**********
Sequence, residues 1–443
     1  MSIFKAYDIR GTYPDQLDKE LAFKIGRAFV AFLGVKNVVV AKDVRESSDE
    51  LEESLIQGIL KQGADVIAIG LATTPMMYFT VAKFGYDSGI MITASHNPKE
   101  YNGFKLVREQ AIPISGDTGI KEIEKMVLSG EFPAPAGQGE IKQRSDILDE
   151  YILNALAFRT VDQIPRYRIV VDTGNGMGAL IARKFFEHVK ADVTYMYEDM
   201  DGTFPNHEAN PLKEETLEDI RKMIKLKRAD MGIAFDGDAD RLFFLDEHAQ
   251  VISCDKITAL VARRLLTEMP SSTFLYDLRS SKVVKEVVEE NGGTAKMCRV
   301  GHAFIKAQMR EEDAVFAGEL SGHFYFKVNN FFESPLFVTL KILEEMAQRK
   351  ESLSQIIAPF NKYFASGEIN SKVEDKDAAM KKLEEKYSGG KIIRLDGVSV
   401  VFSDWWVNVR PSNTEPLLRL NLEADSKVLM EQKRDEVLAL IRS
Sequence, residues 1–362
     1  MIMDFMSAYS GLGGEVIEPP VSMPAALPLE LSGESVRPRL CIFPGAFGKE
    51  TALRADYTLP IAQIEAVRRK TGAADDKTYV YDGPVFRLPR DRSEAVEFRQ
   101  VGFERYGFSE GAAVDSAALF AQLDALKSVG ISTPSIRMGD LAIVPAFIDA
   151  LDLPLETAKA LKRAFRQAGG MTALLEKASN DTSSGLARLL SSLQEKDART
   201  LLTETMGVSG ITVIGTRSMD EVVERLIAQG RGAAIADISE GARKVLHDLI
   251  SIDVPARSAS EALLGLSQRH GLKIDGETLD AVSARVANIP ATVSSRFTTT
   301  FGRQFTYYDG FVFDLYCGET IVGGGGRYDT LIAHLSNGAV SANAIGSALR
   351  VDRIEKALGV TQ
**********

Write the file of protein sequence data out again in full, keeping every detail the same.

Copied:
Sequence, residues 1–443
     1  MSIFKAYDIR GTYPDQLDKE LAFKIGRAFV AFLGVKNVVV AKDVRESSDE
    51  LEESLIQGIL KQGADVIAIG LATTPMMYFT VAKFGYDSGI MITASHNPKE
   101  YNGFKLVREQ AIPISGDTGI KEIEKMVLSG EFPAPAGQGE IKQRSDILDE
   151  YILNALAFRT VDQIPRYRIV VDTGNGMGAL IARKFFEHVK ADVTYMYEDM
   201  DGTFPNHEAN PLKEETLEDI RKMIKLKRAD MGIAFDGDAD RLFFLDEHAQ
   251  VISCDKITAL VARRLLTEMP SSTFLYDLRS SKVVKEVVEE NGGTAKMCRV
   301  GHAFIKAQMR EEDAVFAGEL SGHFYFKVNN FFESPLFVTL KILEEMAQRK
   351  ESLSQIIAPF NKYFASGEIN SKVEDKDAAM KKLEEKYSGG KIIRLDGVSV
   401  VFSDWWVNVR PSNTEPLLRL NLEADSKVLM EQKRDEVLAL IRS
Sequence, residues 1–362
     1  MIMDFMSAYS GLGGEVIEPP VSMPAALPLE LSGESVRPRL CIFPGAFGKE
    51  TALRADYTLP IAQIEAVRRK TGAADDKTYV YDGPVFRLPR DRSEAVEFRQ
   101  VGFERYGFSE GAAVDSAALF AQLDALKSVG ISTPSIRMGD LAIVPAFIDA
   151  LDLPLETAKA LKRAFRQAGG MTALLEKASN DTSSGLARLL SSLQEKDART
   201  LLTETMGVSG ITVIGTRSMD EVVERLIAQG RGAAIADISE GARKVLHDLI
   251  SIDVPARSAS EALLGLSQRH GLKIDGETLD AVSARVANIP ATVSSRFTTT
   301  FGRQFTYYDG FVFDLYCGET IVGGGGRYDT LIAHLSNGAV SANAIGSALR
   351  VDRIEKALGV TQ